Sadly, the expenditure of $60,000-$80,000 was triggered by the unsuccessful applicants circulating a petition that required only 62 signatures to initiate a special election. This imposition on the school budget works out to about $1,000 or more per signature.

Shame on those who decided to waste valuable school dollars on an unnecessary special election, especially since they could have easily run for the position last year and saved the schools all that money.

I sincerely hope that Area 5 residents vote for the most qualified person, Ariana Martinez, on April 11, 2023 or through the mail-in ballots that will be provided in March.

BUSD Area Map (click to enlarge)

*Area 5 includes: Mathew Turner School, Lake Herman, Water’s End areas.  Click on map to enlarge. Area 5 is in purple.

More information on this matter can be found by searching online for “Important Message From BUSD Governing Board re: Trustee Area 5 Appointment and Petition“.

Betty Lucas, Benicia

Betty Lucas

Benicia Resident

Benicia School District Superintendent to retire at end of this school year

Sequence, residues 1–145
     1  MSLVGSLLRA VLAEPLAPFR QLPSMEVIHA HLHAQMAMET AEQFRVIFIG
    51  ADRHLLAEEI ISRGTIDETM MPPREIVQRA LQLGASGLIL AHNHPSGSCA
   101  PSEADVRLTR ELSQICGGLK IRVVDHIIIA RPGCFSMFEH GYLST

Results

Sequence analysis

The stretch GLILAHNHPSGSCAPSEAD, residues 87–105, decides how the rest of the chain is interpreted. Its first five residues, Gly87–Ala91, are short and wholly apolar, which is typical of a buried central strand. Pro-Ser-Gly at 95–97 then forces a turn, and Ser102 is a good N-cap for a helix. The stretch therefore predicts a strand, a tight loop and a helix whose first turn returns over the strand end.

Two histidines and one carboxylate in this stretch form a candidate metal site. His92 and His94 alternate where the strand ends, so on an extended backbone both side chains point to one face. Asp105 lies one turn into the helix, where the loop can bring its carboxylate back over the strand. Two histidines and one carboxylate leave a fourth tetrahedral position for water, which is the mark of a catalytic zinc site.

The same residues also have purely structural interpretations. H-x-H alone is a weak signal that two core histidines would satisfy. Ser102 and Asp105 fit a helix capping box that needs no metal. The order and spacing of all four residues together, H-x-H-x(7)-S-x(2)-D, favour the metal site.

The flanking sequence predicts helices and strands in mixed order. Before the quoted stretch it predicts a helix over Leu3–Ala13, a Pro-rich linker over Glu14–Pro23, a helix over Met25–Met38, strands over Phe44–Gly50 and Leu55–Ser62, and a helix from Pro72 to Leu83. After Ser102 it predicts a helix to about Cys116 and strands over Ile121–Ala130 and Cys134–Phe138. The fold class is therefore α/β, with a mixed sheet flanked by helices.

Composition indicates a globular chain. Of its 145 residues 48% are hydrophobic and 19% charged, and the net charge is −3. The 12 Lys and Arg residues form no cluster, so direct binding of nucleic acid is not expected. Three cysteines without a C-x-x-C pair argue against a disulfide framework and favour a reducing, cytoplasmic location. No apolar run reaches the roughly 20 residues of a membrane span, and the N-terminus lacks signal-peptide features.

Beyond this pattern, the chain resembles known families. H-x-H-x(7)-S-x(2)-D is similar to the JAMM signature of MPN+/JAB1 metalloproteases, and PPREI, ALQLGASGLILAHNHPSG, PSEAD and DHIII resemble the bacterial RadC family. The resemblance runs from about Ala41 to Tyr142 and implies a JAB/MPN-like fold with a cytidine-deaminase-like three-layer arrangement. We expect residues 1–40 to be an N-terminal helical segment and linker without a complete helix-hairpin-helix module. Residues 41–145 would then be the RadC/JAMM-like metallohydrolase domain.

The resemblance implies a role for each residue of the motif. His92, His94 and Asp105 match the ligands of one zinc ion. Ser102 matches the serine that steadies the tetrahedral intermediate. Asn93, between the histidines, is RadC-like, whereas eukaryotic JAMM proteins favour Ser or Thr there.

After seven years as Benicia Unified School District Superintendent, Dr. Charles F. Young sent the following message to the community this morning.

Superintendent Community and Staff Update, January 21, 2022

Jan 21, 2022 | Latest News

Dear BUSD Community and Staff,

After much contemplation, prayer, and conversation with my loving family, and with the utmost admiration and respect for this very special community, I have made the difficult decision to retire at the end of this school year.  This is my 35th year in public education and I have deeply enjoyed my time serving students, families, educators, and communities in the Bay Area.  My career as an educator has been profoundly gratifying and humbling.  I want to express how honored and blessed I feel to have served as your Superintendent these last seven years.

BUSD is an outstanding school district with amazing students, talented, hard-working staff, and a supportive, caring, involved community and it has been such a joy for me to work with everyone over the years.  When I set out on my career path many years ago, it was important to me to live a life worth meaning, and so I pursued a career in public education.